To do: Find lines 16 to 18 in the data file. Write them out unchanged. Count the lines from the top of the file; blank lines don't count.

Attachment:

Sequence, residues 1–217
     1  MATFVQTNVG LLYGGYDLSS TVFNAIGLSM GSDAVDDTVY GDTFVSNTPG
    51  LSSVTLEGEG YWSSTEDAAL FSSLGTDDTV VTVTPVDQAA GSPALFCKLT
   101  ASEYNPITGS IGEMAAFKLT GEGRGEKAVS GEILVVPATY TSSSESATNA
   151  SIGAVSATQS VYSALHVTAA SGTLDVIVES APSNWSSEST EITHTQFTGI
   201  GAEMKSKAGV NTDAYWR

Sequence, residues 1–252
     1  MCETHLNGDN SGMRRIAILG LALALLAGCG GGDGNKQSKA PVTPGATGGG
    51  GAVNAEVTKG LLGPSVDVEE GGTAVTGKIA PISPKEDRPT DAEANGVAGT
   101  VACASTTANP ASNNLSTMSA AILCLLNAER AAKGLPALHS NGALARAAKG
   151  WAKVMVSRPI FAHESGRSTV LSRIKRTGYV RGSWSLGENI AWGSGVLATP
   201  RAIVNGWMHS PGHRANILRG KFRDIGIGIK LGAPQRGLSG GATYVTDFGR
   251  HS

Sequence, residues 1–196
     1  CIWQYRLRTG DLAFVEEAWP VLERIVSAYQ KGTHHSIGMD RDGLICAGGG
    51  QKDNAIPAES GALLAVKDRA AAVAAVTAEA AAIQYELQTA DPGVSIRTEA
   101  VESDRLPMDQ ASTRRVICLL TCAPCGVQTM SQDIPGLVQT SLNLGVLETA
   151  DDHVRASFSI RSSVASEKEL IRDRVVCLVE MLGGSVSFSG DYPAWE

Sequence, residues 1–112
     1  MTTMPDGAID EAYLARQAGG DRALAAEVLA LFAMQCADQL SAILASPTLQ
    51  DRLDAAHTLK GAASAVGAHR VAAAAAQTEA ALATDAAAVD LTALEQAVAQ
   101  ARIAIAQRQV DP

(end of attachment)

    51  QKDNAIPAES GALLAVKDRA AAVAAVTAEA AAIQYELQTA DPGVSIRTEA
   101  VESDRLPMDQ ASTRRVICLL TCAPCGVQTM SQDIPGLVQT SLNLGVLETA
   151  DDHVRASFSI RSSVASEKEL IRDRVVCLVE MLGGSVSFSG DYPAWE